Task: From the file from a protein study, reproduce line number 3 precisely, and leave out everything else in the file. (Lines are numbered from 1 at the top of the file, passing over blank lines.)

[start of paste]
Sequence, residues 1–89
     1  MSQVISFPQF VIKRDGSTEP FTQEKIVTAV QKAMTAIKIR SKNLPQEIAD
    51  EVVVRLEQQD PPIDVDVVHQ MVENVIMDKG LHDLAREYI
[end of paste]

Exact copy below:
    51  EVVVRLEQQD PPIDVDVVHQ MVENVIMDKG LHDLAREYI